The only downside to this is that the doctor can’t inspect you up close or take certain readings from you. They also can’t perform every test and you may still need to visit a doctor in person especially if it’s a serious condition or problem. They can visually inspect you thanks to the camera on your device, but the quality isn’t perfect and it’s still limited in terms of features. Of course, there’s no reason why this can’t improve in the future and it will easily become one of the most convenient on-demand healthcare services that everyone will have access to.
Not only is it inexpensive, especially for those that need to travel a fair distance to even reach their GP, but it can give you a quick and accurate diagnosis to use as more information for when you visit your GP in person. It’s quickly becoming one of the most inexpensive and helpful ways to get a professional opinion about your condition and there are few downsides given the convenience and on-demand nature of it.
Other ways that technology can help us improve our health
Technology doesn’t need to be rooted in healthcare in order for it to be useful. For example, there’s a lot of modern technology that can help you live a healthier life such as at-home fitness trackers that can save the information and later be sent to your doctor for them to examine. There are also at-home devices that can provide you with cardiogram features so you can get a better understanding of your health.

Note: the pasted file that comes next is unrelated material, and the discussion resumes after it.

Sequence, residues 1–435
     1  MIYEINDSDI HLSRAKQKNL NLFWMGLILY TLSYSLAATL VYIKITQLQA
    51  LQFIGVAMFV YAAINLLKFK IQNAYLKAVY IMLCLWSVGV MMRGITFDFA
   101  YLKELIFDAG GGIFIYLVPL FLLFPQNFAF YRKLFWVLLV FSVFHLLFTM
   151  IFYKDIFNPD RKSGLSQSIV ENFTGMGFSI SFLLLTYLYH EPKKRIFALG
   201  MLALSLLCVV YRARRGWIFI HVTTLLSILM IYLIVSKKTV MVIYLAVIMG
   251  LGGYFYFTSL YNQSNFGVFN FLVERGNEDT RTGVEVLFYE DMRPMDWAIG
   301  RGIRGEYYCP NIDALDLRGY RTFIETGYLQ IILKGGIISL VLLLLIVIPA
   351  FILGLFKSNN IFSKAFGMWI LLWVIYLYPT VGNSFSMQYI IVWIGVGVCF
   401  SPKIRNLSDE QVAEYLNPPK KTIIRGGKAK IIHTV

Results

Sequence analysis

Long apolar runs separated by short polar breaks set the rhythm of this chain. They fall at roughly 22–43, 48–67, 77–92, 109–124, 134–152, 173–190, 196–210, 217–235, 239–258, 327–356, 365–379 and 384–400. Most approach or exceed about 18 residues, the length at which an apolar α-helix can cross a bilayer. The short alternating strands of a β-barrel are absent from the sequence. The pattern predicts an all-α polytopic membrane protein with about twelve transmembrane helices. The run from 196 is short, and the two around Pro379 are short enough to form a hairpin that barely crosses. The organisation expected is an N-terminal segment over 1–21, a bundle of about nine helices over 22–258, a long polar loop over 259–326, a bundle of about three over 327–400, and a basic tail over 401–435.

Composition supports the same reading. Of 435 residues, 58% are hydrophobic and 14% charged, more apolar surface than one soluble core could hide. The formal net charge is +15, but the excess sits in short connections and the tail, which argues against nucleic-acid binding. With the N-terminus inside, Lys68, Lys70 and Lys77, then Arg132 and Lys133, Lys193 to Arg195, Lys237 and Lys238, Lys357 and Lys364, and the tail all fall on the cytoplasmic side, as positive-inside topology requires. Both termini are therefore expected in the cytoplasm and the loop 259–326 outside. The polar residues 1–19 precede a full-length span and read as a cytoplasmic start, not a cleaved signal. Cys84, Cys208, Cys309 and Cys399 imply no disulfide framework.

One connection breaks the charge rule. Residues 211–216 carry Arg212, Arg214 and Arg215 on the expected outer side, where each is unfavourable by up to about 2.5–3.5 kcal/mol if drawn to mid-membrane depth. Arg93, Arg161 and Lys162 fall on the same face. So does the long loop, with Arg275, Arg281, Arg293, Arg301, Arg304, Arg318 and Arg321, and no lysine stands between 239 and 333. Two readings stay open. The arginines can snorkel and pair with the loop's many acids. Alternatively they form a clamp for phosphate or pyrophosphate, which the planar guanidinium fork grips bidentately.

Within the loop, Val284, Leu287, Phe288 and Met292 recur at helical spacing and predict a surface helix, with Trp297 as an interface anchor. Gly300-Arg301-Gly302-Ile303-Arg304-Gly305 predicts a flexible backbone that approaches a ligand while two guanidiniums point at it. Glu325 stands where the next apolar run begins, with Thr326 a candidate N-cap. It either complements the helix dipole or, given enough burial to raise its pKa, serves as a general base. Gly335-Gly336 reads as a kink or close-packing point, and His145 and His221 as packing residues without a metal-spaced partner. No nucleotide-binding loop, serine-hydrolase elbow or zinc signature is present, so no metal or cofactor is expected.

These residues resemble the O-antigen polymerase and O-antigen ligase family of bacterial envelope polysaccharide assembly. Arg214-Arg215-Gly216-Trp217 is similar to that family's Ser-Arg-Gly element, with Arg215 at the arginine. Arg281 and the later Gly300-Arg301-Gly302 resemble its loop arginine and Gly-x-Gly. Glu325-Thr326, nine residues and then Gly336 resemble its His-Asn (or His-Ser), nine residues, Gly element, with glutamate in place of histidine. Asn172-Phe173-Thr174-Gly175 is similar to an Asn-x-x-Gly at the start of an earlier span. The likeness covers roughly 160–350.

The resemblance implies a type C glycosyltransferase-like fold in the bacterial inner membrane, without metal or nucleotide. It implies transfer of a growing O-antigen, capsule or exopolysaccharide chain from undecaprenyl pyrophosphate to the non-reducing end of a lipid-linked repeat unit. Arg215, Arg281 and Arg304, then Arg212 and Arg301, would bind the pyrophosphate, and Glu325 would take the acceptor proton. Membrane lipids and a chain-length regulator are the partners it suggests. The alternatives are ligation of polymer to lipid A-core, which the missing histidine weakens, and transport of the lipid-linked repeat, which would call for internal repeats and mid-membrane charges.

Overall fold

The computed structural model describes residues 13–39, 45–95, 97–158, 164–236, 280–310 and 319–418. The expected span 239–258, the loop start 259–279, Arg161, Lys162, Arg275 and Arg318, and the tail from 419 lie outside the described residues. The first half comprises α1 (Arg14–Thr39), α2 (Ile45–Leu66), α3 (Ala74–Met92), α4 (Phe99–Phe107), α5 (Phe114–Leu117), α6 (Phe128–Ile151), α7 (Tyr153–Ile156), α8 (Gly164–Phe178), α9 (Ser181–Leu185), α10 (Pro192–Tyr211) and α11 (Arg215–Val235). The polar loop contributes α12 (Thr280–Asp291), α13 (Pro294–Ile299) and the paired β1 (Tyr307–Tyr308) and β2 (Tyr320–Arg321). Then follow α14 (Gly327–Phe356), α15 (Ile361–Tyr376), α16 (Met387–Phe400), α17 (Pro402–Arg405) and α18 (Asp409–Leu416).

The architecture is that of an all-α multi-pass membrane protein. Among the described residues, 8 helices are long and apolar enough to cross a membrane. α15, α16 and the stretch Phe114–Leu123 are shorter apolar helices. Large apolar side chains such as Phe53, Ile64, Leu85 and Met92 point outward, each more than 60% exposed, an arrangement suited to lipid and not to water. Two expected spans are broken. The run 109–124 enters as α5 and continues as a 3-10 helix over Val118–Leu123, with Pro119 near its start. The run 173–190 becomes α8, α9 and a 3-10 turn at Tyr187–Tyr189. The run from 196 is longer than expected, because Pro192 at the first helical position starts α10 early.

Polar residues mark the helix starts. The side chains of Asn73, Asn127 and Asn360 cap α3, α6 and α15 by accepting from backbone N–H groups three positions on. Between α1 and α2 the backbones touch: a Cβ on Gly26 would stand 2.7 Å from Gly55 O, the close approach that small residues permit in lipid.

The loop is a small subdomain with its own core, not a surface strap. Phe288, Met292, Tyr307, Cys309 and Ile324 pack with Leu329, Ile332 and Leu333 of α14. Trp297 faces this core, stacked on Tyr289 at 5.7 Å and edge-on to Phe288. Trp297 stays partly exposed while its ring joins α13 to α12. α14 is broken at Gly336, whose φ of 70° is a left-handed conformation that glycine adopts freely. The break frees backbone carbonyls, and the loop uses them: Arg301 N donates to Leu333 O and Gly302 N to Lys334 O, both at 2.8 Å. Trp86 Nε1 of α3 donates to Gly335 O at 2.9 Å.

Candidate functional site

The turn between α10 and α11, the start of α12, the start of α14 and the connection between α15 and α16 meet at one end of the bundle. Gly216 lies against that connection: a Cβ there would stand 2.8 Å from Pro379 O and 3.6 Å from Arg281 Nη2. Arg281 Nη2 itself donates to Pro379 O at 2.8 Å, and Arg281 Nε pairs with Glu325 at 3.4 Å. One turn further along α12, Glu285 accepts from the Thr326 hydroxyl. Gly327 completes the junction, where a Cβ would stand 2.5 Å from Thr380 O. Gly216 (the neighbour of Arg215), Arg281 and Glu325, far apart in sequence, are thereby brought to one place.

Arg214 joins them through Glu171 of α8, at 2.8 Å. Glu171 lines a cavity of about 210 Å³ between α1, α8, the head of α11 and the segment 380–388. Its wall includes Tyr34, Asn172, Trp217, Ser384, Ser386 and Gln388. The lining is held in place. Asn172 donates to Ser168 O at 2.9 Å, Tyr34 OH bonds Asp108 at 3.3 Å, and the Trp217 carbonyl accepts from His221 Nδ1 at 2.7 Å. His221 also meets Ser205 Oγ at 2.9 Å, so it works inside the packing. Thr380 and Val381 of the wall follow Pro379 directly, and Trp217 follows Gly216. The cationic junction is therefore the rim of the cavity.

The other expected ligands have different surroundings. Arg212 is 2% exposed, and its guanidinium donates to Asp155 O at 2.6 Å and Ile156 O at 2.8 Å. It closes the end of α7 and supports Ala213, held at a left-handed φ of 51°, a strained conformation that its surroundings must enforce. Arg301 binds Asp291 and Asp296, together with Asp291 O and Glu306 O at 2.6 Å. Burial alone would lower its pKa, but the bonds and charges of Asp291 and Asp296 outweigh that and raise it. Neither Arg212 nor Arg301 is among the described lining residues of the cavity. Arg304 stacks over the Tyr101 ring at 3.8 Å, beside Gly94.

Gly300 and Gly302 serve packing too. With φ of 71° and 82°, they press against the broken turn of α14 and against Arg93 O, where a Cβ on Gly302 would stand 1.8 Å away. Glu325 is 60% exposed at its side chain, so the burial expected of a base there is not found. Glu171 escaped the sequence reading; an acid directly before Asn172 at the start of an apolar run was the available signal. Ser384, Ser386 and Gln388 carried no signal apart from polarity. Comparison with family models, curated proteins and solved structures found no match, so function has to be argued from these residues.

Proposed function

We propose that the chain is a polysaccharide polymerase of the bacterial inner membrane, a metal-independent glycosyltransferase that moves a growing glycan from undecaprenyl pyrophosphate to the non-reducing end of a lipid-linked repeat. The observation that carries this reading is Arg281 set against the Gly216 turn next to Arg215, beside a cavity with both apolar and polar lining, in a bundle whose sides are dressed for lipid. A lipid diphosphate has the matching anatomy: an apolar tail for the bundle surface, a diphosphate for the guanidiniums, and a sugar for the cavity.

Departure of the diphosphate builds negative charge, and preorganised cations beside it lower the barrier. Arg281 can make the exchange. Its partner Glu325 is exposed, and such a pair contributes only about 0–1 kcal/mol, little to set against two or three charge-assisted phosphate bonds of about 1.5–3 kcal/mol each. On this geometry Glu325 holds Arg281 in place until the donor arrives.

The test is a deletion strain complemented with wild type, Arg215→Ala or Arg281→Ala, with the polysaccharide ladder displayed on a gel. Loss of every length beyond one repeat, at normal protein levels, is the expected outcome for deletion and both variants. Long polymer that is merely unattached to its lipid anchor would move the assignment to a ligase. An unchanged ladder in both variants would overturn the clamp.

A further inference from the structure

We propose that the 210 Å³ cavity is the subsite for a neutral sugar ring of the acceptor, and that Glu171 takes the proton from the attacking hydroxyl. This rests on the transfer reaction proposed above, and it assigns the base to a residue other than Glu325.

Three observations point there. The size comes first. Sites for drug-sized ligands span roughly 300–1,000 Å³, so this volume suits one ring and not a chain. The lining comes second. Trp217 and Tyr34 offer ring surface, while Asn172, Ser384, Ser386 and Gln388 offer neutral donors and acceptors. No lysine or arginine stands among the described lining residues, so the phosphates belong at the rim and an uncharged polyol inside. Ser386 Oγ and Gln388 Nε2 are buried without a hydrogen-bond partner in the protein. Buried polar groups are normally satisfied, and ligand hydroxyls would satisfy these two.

As we can see with these types of devices, it’s all about putting more understanding and control in the hands of common people. Coupled together with informative websites that do their best to describe complex conditions, medication and healthcare concepts, we’re starting to see a revolution where more people are taking back control of their health and making their own informed decisions. This is a far cry from the past when people would still make their own decisions about their health, but with far less knowledge and understanding of their condition.
GPs are taking advantage of technology at an accelerated rate
However, it’s good to keep in mind that outside of offering online GP appointments and prescription deliveries, GPs are starting to use technology to inform us of our own bodies and conditions. For example, online GP services can offer us a way to book and cancel appointments but also allows us to view parts of our GP record such as medication, allergies, vaccinations, history of our illnesses and also test results. These records can easily be downloaded and presented to other doctors or even used for things such as insurance claims.
You can also view clinical correspondence such as hospital discharge summaries, outpatient appointment letters and even referral letters. All of this information helps to keep us in the loop so that we have a better understanding of our bodies, our personal situation and most importantly, our current health status. It’s the type of on-demand service that we’ve come to expect from modern technology and having it applied to the healthcare industry is a huge deal that we should all take notice of.
Britt Hysen is the Editor-in-Chief and founder of MiLLENNiAL. In addition to being a media entrepreneur, Britt is a passionate humanitarian, international speaker, and an expert on all things related to the global millennial.